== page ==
Microsoft Azure and Amazon Web Services are the two remaining cloud providers left in the battle to win the $10 billion JEDI contract from the Pentagon. It seems the company's have defeated competition from the likes of IBM and Oracle and are now fighting each other.
“After evaluating all of the proposals received, the Department of Defense has made a competitive range determination for the Joint Enterprise Defense Infrastructure Cloud request for proposals, in accordance with all applicable laws and regulations,” said Elissa Smith, spokeswoman at DoD, in a statement to MeriTalk.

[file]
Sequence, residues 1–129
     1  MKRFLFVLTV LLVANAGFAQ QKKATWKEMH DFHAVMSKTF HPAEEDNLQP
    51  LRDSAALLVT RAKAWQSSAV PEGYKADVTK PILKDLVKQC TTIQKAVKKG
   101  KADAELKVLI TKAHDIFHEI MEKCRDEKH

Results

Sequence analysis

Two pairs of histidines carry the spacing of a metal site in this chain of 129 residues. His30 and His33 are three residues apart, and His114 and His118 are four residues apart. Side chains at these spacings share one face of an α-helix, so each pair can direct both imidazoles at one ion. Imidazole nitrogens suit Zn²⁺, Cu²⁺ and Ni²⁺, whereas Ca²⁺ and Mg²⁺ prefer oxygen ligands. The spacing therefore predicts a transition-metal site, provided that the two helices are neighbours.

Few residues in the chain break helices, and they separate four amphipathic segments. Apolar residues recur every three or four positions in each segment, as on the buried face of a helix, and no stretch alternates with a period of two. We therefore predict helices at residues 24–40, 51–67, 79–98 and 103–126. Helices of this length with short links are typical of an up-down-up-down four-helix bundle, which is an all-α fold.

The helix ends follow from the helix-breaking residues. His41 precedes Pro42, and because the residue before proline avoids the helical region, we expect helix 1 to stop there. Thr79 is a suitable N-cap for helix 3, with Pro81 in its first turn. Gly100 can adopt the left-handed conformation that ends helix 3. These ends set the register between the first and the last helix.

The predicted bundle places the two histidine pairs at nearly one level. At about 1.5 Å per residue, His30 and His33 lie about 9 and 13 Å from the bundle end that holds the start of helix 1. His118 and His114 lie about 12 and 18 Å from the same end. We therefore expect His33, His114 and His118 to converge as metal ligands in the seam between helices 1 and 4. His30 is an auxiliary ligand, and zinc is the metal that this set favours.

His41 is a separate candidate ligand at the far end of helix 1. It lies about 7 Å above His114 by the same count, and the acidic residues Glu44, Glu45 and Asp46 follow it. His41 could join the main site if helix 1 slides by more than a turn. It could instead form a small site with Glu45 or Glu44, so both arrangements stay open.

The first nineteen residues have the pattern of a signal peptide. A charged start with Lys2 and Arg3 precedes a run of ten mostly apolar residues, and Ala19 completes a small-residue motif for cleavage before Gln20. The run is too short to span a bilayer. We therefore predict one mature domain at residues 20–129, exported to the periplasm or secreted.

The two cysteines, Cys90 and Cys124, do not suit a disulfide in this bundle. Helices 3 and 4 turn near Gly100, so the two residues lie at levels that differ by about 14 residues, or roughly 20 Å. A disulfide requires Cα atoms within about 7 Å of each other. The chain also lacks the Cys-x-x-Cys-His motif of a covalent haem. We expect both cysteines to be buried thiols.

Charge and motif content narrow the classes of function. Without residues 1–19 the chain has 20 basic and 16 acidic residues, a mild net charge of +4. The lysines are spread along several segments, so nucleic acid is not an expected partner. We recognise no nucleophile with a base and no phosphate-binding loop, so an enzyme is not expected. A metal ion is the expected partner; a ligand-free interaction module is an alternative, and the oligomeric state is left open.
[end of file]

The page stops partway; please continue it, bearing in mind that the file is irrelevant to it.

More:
The JEDI cloud defense program is controversial and Microsoft's own staff have protested the company bidding for the contract.
Interestingly, Pentagon is demanding a single cloud approach, meaning only one company will win the contract. Each bidder has been critical of this approach and have urged a multi-vendor model.
Last October, Microsoft confirmed it was amongst the bidding companies vying for the JEDI contract:
“Microsoft submitted its bid on the JEDI contract on the October 12 deadline. While we don't have a way to verify the authenticity of this letter, we always encourage employees to share their views with us.”
Department of Defense chiefs are expected to each a decision on the contract in July, although it could come later. The decision was delayed after rumors only Amazon could manage the contract. Apparantly, an employee who once worked for the DoD wrote spec only compatible with AWS.
Smith says that contractor has been placed in from of the inspector general.